Workplace violence, workers’ perception, safety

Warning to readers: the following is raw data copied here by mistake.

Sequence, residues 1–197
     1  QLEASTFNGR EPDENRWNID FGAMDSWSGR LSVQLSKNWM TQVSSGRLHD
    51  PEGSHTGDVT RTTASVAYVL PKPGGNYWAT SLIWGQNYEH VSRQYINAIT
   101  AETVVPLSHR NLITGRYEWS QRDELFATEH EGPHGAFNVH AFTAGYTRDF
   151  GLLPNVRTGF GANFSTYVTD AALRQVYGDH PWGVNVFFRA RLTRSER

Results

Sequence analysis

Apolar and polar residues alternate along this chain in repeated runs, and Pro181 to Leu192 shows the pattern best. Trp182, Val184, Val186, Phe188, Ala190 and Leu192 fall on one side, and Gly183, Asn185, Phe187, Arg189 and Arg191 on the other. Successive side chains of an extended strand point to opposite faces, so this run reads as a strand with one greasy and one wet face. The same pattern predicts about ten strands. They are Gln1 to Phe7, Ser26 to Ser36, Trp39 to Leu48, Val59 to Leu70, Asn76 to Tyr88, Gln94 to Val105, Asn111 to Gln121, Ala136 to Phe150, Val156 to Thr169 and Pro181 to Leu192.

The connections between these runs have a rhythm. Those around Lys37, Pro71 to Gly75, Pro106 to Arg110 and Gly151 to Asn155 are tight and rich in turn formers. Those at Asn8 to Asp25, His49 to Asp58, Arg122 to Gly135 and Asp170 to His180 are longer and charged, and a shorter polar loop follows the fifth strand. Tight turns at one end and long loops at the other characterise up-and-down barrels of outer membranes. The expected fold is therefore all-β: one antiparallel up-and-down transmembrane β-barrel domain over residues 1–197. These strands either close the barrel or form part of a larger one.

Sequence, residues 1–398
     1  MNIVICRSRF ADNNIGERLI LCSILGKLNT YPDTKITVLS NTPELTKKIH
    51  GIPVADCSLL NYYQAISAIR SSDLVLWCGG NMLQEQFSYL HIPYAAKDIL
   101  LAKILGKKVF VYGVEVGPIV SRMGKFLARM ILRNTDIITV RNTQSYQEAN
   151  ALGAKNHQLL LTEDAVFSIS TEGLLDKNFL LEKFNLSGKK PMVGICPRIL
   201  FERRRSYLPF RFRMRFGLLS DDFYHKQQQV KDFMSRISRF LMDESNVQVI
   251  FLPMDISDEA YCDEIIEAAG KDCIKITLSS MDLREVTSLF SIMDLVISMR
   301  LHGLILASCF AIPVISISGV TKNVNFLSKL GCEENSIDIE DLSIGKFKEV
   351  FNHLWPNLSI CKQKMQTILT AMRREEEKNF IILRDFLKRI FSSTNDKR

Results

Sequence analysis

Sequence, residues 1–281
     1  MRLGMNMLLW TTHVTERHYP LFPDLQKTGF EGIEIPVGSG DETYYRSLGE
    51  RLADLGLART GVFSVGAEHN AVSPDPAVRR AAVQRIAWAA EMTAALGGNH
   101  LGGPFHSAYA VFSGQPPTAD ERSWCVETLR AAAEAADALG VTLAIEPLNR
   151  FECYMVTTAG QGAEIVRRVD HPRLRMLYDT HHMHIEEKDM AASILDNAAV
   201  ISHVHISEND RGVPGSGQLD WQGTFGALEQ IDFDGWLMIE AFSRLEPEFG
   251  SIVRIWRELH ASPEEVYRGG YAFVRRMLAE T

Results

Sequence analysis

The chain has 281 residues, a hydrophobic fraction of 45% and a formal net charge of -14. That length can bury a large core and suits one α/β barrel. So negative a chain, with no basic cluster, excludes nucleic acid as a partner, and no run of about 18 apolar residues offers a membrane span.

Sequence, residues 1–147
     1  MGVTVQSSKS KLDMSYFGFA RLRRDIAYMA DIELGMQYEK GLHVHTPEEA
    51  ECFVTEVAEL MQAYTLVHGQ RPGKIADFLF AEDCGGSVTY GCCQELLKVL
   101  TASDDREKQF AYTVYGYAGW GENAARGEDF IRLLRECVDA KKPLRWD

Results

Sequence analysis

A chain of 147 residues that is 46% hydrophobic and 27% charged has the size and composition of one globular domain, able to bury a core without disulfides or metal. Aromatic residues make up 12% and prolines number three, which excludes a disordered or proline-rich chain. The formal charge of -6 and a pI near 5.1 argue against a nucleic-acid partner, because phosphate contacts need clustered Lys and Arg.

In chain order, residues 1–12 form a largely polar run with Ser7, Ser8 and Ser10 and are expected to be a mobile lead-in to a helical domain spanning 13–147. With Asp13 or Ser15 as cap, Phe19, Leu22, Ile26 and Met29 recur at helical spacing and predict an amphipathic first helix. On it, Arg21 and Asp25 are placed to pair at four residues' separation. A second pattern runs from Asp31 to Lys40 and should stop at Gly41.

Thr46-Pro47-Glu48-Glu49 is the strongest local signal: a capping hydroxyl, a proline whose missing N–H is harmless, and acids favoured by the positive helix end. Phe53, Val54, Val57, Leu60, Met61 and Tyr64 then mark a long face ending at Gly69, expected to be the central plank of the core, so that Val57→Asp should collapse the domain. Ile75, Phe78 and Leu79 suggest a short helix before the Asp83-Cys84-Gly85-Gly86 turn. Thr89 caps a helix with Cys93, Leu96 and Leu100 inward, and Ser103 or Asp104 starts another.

Workers’ experience of violence and perceived unsafety can have a profound impact on job satisfaction, job performance, and workers’ decision to leave. Objectives: The aim of the study was to assess the prevalence of physical and non-physical violence among hospital workers, explore the complaints and reactions of victims, assess the relationship between violence and psychosocial/work factors and analyze the levels of perceived unsafety. Methods: A cross-sectional study was conducted, via a structured self-administered questionnaire given to all the employees of a major hospital in Italy. Cronbach’s alpha coefficient was used to assess the internal consistency of the questionnaire. A logistic regression model was used for data analysis. Results: 903 questionnaires out of 1853 (48.7%) were correctly returned; 11.5% had experience of physical violence and 40.2% had been victims of verbal violence in the previous 12 months. The most common consequences were fear, anger, frustration, and anxiety. Verbal violence was influenced by age, role, department, night/holiday shift work and experience in the current ward. Experiences of physical violence were related to gender, role, and department; 469 responders (51.9%) reported feelings of unsafety, which were related to their professional role, department, shift work, experience of physical or psychological violence, having seen episodes of violence and having received specific training. Conclusions: Our findings suggest that several factors are associated with workplace violence in health care settings and some of these also influenced the levels of perceived unsafety.